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What Does Hollandaise Mean?

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Q. I'm attending the California School of Culinary Arts and was wondering if you could to tell me where the name Hollandaise comes from?

A. Ah, another trick question. Hollandaise is the French word for the adjective Dutch. In theory, the word refers to anything related to the Netherlands and its citizens, but in the food world, it refers primarily to sauce hollandaise, or Hollandaise sauce, a classic mixture of eggs and butter.

Hollandaise sauce is the mother sauce in the family of warm egg-emulsified sauces (as opposed to cold egg-emulsified sauces, such as mayonnaise). Hollandaise sauce is the basis for a number of variations that include capers, orange juice, tangerine juice, key lime juice, horseradish, mustard, anchovies, and whipped cream.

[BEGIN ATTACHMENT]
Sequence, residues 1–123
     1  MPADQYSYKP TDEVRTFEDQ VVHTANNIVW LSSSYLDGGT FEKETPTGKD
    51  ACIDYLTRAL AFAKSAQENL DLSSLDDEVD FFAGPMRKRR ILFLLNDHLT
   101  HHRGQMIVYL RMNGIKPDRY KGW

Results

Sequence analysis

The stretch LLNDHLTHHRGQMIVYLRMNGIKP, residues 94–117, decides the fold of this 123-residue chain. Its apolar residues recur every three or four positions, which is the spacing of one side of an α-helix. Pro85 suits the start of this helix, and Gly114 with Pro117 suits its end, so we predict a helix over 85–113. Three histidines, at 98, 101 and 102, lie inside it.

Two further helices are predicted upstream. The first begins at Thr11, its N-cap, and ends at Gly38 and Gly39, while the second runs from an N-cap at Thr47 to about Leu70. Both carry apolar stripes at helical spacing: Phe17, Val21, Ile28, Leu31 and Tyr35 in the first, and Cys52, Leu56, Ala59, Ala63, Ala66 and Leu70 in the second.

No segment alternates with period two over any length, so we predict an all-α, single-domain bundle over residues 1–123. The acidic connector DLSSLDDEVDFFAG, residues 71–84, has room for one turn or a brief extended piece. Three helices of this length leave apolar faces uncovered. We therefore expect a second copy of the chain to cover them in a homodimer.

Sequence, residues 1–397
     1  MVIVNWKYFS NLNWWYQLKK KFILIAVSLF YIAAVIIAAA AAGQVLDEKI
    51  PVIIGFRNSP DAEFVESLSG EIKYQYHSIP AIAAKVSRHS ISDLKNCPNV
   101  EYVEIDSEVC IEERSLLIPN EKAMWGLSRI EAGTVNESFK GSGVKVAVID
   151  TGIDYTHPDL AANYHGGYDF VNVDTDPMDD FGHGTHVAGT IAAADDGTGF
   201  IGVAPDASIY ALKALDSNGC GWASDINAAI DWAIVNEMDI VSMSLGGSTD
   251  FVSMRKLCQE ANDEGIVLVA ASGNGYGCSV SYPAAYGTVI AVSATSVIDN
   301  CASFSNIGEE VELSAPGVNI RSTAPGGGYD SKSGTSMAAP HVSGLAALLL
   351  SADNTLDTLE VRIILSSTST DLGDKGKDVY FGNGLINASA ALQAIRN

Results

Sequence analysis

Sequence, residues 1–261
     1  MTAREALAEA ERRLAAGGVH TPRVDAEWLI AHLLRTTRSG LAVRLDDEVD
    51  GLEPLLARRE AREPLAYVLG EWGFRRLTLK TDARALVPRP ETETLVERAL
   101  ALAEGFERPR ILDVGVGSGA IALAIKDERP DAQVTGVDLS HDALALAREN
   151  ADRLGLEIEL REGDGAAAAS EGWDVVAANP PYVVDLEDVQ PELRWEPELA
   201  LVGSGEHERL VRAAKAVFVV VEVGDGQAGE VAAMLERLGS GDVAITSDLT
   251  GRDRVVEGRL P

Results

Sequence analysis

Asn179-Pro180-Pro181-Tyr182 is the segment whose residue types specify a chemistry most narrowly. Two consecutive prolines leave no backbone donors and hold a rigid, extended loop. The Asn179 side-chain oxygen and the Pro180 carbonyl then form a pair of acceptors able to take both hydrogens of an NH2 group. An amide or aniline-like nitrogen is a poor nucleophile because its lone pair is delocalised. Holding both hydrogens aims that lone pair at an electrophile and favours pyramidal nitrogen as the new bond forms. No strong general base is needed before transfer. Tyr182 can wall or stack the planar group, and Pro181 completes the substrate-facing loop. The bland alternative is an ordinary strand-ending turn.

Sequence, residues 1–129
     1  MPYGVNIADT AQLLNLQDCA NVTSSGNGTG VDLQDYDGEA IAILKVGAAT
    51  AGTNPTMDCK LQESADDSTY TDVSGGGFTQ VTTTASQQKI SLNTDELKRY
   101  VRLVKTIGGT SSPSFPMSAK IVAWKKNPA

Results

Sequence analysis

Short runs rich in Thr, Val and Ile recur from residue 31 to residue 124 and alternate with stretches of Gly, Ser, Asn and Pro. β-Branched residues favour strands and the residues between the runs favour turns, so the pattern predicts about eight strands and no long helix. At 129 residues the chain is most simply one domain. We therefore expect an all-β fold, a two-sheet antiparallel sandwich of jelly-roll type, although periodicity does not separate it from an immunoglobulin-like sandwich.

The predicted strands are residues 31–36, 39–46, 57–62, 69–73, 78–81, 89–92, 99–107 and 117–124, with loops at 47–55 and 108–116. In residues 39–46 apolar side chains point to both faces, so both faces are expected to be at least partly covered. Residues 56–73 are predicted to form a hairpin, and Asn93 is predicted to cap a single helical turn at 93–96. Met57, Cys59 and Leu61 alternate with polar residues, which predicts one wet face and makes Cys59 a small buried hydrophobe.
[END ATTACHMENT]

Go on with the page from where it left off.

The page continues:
Madeleine Kamman, author of The New Making of a Chef (Canada, UK) — a book you really must have if you are going to be a cook, says Hollandaise sauce is also the basis of béarnaise sauce. Your cooking school instructors may disagree, but that is a lesson for another day.

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